Petitions and group letters have been received from the following:
23 members of St Andrews Church, Oxshott
22 signatories from London N7
The staff of Sky magazine
53 students from the London Study Centre
10 insurance and computer professionals based in London
7 refugees from Yugoslavia living in Rome
40 employees of Independent Commodity Supplies Limited of Marlow, Bucks
28 signatories to the 'No Walls Through Sarajevo' Campaign, Berlin
14 signatories from the Ad Workshop in Leeds
16 British citizens in Geneva and adjoining areas of France
I am writing to express my thanks to you and all English people who are helping or writing about my home town, Sarajevo, and Bosnia.
It is more than people that they are killing in Sarajevo. It is your own world. They are killing the idea of open society, tolerance, the beauty of multi-ethnic and multi-religious society. We had lived together for 500 years. So, don't just watch Sarajevo dying. If Sarajevo dies Bosnia will die. And that will be the start of your end also.
It is incredible that even now Mt Igman has fallen to the Serbs, the UN has decided to take no action. The world-weary cynicism of Owen, Hurd, and the mindless prattling of Rifkind make me so angry I have to switch them off the television. And now Douglas Hurd is taking his three-week holiday.
I care for a Bosnian refugee family in Epsom. Daily I see the anguish on their faces as their country is torn apart. I write in support of your campaign. In the name of humanity, protect Sarajevo and its people.
A desperate 'optimism of the will' is necessary against one's 'pessimism of the intellect'.
Your proposals and Paddy Ashdown's parallel plans must be acted on and the UK should give a lead. Delays of even a few days are unforgivable; setting up an emergency version of the UN Military Committee is essential.
CHRISTOPHER & GILLIAN BEEDELL
We feel we must add our voices to those clamouring for Bosnia to be helped. True, we are not volunteering to go over there, we are not professional soldiers. But we would plead for the arms embargo against the Muslims to be lifted and for the extra 1,800 troops to be deployed in order to get provisions and medical aid through to those left in Sarajevo.
We support your call for action to lift the siege of Sarajevo, and to ensure that it remains an undivided city. Whatever we do now is too late, since the key battles have already been lost and won. The multi-ethnic state is dead; the ethnic cleansers have triumphed. It will be in the car bombs and aeroplane explosions of the years ahead that we will realise that Bosnia was not, as we thought, 'somewhere else'.
ANDREW & BOGUSIA JEFFORD
The EC states' claims of a commitment to the humanitarian effort in Bosnia have more often than not appeared to serve as an excuse for avoiding military action on behalf of Bosnia. Surely now that the utter failure of this policy of non-intervention has been demonstrated by the inadequacy of the so-called 'safe areas' and the disarray of the peace process, they must finally make a real commitment to the people of Bosnia, and use force at least to ensure the provision of humanitarian aid, by establishing a land corridor from the sea and lifting the siege of Sarajevo and the other besieged cities.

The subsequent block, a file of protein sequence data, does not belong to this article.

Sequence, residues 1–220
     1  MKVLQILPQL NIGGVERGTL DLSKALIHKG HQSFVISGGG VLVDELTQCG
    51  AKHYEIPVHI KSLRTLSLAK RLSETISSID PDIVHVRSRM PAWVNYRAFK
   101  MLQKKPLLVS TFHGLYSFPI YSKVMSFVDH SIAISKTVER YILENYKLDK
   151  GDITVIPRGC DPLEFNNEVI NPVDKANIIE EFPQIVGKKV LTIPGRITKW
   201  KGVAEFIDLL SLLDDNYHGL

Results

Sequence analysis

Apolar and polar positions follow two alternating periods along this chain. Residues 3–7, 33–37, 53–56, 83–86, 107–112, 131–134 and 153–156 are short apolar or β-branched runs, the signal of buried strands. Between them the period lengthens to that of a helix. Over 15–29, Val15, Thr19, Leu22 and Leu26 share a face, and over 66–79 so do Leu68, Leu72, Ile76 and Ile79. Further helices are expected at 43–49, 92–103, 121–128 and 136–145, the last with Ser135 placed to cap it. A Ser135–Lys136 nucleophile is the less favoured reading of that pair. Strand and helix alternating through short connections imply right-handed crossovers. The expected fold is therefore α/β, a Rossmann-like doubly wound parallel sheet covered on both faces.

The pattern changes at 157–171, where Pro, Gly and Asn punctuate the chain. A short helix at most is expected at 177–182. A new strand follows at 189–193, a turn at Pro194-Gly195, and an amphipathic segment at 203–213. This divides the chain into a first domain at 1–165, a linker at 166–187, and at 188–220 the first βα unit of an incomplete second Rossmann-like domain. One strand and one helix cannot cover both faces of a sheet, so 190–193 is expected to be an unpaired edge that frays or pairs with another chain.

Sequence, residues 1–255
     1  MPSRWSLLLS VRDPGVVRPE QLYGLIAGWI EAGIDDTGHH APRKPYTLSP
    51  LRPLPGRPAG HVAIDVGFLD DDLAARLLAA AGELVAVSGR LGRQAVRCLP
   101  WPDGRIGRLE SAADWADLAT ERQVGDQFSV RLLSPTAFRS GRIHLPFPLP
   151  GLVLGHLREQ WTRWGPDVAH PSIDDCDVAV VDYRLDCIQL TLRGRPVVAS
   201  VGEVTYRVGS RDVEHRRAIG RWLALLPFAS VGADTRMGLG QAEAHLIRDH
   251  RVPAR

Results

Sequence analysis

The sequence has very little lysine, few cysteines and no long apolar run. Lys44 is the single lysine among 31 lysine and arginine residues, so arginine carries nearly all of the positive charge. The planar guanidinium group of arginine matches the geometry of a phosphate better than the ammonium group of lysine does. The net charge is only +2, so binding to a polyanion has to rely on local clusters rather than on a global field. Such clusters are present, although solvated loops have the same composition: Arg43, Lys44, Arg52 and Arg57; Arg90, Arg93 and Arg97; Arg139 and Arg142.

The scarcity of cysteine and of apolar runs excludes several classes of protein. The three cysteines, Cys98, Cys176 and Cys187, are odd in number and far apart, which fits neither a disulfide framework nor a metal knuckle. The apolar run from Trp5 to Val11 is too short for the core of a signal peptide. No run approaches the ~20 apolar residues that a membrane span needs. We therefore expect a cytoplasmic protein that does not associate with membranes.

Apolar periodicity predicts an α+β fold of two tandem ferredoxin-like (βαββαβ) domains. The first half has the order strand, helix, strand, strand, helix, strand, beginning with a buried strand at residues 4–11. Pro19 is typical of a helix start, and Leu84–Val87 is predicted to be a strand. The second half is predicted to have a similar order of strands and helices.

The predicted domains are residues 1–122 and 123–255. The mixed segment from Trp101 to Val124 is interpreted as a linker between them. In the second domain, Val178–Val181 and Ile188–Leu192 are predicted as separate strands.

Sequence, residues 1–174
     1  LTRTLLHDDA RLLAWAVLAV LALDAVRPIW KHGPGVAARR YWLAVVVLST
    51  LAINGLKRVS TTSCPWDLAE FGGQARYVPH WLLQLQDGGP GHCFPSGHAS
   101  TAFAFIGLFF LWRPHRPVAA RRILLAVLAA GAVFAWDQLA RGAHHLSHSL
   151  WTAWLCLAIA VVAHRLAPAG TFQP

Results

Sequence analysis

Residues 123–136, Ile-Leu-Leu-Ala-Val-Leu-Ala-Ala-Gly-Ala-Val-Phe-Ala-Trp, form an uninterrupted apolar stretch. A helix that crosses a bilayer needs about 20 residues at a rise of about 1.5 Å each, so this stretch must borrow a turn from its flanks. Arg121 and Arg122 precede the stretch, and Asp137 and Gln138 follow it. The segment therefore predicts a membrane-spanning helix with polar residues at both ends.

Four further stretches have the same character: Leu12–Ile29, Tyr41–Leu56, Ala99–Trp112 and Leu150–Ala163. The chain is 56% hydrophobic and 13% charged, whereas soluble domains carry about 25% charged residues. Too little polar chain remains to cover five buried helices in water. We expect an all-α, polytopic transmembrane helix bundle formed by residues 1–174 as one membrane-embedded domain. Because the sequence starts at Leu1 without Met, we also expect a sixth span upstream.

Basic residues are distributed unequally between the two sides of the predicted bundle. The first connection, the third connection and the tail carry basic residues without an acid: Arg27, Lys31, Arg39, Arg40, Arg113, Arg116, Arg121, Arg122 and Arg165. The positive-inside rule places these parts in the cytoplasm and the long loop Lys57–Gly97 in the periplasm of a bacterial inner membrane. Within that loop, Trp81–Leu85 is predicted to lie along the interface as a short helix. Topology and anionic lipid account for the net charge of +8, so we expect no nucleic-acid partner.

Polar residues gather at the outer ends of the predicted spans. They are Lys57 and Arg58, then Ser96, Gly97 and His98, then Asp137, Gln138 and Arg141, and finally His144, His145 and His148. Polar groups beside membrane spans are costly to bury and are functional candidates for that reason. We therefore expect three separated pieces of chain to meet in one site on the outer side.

DR C W BRACEWELL
School of Slavonic and East European Studies, University of London
I have been slow to answer your Appeal since, while I support your idea in spirit, I fear it is incompatible with what would better serve Bosnian interests: the bombing of Serbian positions and the supply of the weapons of which the Muslims have been ignominiously deprived.
MARQUESS of TWEEDDALE
House of Lords
Last month The British Council gave me the opportunity to visit Croatia. Whilst I celebrate your campaign my celebration is tempered by a sense of shame and impotence that we in Britain have taken so long to grasp the potential of the role we can play in bringing about the end of this carnage. Let us, in what I hope are the final moments of the wars in former Yugoslavia, do much, too late.
Whilst the military option is very much a last resort, when individual army commanders on all sides are exacting such a toll of human misery, an international taskforce becomes the only viable option to support innocent people. One of our local secondary schools is twinned with Friedrickshafen, a German town which is twinned with Sarajevo. We have a direct link to the innocent people in the bomb shelters of Sarajevo. We cannot just turn our back on them.
CLLR BRIAN MACBETH
REV SUE MACBETH
Barnstaple, North Devon
We are Americans living in England and are appalled at our own government's waffling and inactivity regarding the tragedy of the former Yugoslavia and commend you on your integrity and proactive position.
JUDY & JIM SCHULTZE
The UN Security Council appears to have been no more effective at influencing events in ex- Yugoslavia than a prep school debating society. At best it has been repeating Lear's 'I will do such things - what they are yet I know not; but they shall be the terrors of the earth', with comparable effect.
How would members of HM Government respond if, upon being burgled, the police responded by mediating between them and the burglar? 'Come now, Minister, be reasonable, let him keep the silver, you've still got the bedstead - but if you continue with your obstreperous insistence on us doing something about it he might take that too. As for that bash on the head: given time, it is bound to heal.'
Stanisha Ognjanovich's name should not have been included in the list of readers supporting our proposal for Saving Sarajevo published on 2 August. We regret the error.Reuse content